He is also responsible for numerous other medical innovations that all carry his name: Thomas's collar to treat tuberculosis of the cervical spine, Thomas's manoeuvre, an orthopedic investigation for fracture of the hip joint, the Thomas test, a method of detecting hip deformity by having the patient lying flat in bed, and Thomas's wrench for reducing fractures, as well as an osteoclast to break and reset bones. Orthopedic surgery_sentence_26

Thomas's work was not fully appreciated in his own lifetime. Orthopedic surgery_sentence_27

Only during the First World War did his techniques come to be used for injured soldiers on the battlefield. Orthopedic surgery_sentence_28

His nephew, Sir Robert Jones, had already made great advances in orthopedics in his position as surgeon-superintendent for the construction of the Manchester Ship Canal in 1888. Orthopedic surgery_sentence_29

He was responsible for the injured among the 20,000 workers, and he organized the first comprehensive accident service in the world, dividing the 36-mile site into three sections, and establishing a hospital and a string of first-aid posts in each section. Orthopedic surgery_sentence_30

He had the medical personnel trained in fracture management. Orthopedic surgery_sentence_31

He personally managed 3,000 cases and performed 300 operations in his own hospital. Orthopedic surgery_sentence_32

This position enabled him to learn new techniques and improve the standard of fracture management. Orthopedic surgery_sentence_33

Physicians from around the world came to Jones’ clinic to learn his techniques. Orthopedic surgery_sentence_34

Along with Alfred Tubby, Jones founded the British Orthopaedic Society in 1894. Orthopedic surgery_sentence_35

During the First World War, Jones served as a Territorial Army surgeon. Orthopedic surgery_sentence_36

He observed that treatment of fractures both, at the front and in hospitals at home, was inadequate, and his efforts led to the introduction of military orthopedic hospitals. Orthopedic surgery_sentence_37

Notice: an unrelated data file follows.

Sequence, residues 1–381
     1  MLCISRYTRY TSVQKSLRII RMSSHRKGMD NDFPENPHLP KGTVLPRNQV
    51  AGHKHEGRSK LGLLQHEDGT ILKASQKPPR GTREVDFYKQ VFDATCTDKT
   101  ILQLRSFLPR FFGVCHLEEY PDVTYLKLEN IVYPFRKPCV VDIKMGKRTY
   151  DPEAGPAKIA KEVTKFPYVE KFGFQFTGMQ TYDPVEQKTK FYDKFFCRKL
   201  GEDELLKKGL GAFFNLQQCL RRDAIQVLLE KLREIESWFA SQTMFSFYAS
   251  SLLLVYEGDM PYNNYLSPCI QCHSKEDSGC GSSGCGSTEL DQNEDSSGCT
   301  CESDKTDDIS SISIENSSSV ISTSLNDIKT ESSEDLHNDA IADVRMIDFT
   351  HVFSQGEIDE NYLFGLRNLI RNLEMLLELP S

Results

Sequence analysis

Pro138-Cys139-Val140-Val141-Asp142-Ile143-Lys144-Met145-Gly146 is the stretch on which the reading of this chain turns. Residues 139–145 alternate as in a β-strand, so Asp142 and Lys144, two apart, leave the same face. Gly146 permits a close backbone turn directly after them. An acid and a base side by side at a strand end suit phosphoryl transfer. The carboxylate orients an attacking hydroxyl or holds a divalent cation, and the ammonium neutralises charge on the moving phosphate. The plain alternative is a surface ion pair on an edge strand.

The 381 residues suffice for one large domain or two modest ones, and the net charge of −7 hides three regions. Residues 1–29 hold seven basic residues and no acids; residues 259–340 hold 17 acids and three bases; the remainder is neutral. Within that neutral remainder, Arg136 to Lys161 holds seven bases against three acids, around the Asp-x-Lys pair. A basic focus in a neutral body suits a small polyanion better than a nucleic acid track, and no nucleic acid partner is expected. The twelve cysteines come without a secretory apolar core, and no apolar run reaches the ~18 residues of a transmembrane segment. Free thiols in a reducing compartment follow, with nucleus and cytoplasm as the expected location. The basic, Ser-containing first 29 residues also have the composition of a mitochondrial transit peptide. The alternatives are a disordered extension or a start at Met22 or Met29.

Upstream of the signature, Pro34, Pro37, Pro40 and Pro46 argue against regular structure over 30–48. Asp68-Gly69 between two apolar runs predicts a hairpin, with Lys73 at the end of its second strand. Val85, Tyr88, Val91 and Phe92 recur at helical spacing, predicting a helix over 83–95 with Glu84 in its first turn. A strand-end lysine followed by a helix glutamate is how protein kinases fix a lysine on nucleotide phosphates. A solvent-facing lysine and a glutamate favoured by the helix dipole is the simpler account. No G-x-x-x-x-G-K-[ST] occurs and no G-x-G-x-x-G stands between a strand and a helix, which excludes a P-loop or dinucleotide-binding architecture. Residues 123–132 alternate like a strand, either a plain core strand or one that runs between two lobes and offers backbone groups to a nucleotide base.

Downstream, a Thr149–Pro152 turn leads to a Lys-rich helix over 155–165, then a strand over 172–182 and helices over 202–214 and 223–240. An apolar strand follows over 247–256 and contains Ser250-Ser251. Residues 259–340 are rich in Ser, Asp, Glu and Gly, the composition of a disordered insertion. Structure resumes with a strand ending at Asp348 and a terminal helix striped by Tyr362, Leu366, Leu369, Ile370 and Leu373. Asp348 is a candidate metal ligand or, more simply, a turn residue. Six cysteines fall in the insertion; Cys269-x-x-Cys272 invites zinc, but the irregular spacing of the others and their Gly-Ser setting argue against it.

He was appointed Inspector of Military Orthopaedics, with responsibility for 30,000 beds. Orthopedic surgery_sentence_38

The hospital in Ducane Road, Hammersmith, became the model for both British and American military orthopedic hospitals. Orthopedic surgery_sentence_39

His advocacy of the use of Thomas splint for the initial treatment of femoral fractures reduced mortality of compound fractures of the femur from 87% to less than 8% in the period from 1916 to 1918. Orthopedic surgery_sentence_40

The use of intramedullary rods to treat fractures of the femur and tibia was pioneered by Gerhard Küntscher of Germany. Orthopedic surgery_sentence_41

This made a noticeable difference to the speed of recovery of injured German soldiers during World War II and led to more widespread adoption of intramedullary fixation of fractures in the rest of the world. Orthopedic surgery_sentence_42

Traction was the standard method of treating thigh bone fractures until the late 1970s, though, when the Harborview Medical Center group in Seattle popularized intramedullary fixation without opening up the fracture. Orthopedic surgery_sentence_43

The modern total hip replacement was pioneered by Sir John Charnley, expert in tribology at Wrightington Hospital, on England in the 1960s. Orthopedic surgery_sentence_44

He found that joint surfaces could be replaced by implants cemented to the bone. Orthopedic surgery_sentence_45

His design consisted of a stainless steel, one-piece femoral stem and head, and a polyethylene acetabular component, both of which were fixed to the bone using PMMA (acrylic) bone cement. Orthopedic surgery_sentence_46

For over two decades, the Charnley low-friction arthroplasty and its derivative designs were the most-used systems in the world. Orthopedic surgery_sentence_47

This formed the basis for all modern hip implants. Orthopedic surgery_sentence_48

The Exeter hip replacement system (with a slightly different stem geometry) was developed at the same time. Orthopedic surgery_sentence_49

Since Charnley, improvements have been continuous in the design and technique of joint replacement (arthroplasty) with many contributors, including W. H. Harris, the son of R. I. Harris, whose team at Harvard pioneered uncemented arthroplasty techniques with the bone bonding directly to the implant. Orthopedic surgery_sentence_50

Knee replacements, using similar technology, were started by McIntosh in rheumatoid arthritis patients and later by Gunston and Marmor for osteoarthritis in the 1970s, developed by Dr. John Insall in New York using a fixed bearing system, and by Dr. Frederick Buechel and Dr. Michael Pappas using a mobile bearing system. Orthopedic surgery_sentence_51

External fixation of fractures was refined by American surgeons during the Vietnam War, but a major contribution was made by Gavril Abramovich Ilizarov in the USSR. Orthopedic surgery_sentence_52

He was sent, without much orthopedic training, to look after injured Russian soldiers in Siberia in the 1950s. Orthopedic surgery_sentence_53

With no equipment, he was confronted with crippling conditions of unhealed, infected, and misaligned fractures. Orthopedic surgery_sentence_54

With the help of the local bicycle shop, he devised ring external fixators tensioned like the spokes of a bicycle. Orthopedic surgery_sentence_55